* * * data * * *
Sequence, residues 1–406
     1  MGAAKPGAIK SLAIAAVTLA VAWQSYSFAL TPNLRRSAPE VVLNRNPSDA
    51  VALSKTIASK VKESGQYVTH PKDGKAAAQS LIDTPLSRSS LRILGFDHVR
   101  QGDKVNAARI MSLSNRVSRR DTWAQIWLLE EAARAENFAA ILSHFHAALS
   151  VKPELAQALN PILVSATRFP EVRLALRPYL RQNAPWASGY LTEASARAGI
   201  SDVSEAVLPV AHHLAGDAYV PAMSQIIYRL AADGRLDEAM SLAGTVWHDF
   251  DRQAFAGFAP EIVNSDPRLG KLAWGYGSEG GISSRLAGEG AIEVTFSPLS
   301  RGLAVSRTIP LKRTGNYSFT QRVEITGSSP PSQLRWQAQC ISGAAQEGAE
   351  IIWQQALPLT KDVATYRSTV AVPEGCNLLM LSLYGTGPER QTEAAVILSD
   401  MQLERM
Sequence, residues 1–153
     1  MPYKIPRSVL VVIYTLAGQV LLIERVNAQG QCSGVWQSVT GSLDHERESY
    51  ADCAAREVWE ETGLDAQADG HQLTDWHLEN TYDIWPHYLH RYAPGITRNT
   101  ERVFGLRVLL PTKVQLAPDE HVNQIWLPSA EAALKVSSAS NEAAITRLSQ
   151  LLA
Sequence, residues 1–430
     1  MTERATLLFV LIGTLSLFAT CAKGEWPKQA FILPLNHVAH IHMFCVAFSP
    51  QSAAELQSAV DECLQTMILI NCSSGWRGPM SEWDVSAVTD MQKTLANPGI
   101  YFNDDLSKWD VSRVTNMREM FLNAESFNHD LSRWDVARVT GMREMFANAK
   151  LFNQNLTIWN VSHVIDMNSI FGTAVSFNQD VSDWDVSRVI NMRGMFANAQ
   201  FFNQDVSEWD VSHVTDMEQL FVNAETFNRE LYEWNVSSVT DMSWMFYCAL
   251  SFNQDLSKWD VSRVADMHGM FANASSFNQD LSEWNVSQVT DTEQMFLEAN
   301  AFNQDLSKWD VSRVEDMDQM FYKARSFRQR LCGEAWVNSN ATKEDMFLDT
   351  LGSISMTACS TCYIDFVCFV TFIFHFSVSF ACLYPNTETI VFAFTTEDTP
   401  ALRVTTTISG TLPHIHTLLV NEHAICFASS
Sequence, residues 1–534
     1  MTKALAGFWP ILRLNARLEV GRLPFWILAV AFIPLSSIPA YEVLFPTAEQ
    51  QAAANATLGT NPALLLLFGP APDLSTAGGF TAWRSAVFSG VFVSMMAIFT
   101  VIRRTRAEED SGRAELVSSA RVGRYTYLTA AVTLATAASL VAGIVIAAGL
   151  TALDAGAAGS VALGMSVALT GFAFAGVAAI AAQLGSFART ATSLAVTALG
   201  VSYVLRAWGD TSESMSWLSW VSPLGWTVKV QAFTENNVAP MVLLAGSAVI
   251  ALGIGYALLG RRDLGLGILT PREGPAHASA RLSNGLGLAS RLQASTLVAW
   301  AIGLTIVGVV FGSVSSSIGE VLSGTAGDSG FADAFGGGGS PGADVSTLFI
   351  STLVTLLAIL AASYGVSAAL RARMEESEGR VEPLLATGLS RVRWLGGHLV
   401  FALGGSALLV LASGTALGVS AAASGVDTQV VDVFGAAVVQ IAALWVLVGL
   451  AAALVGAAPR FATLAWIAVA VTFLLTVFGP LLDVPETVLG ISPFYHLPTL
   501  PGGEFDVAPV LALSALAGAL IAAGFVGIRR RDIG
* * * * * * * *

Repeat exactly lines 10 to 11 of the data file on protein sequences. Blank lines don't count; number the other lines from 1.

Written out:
   401  MQLERM
Sequence, residues 1–153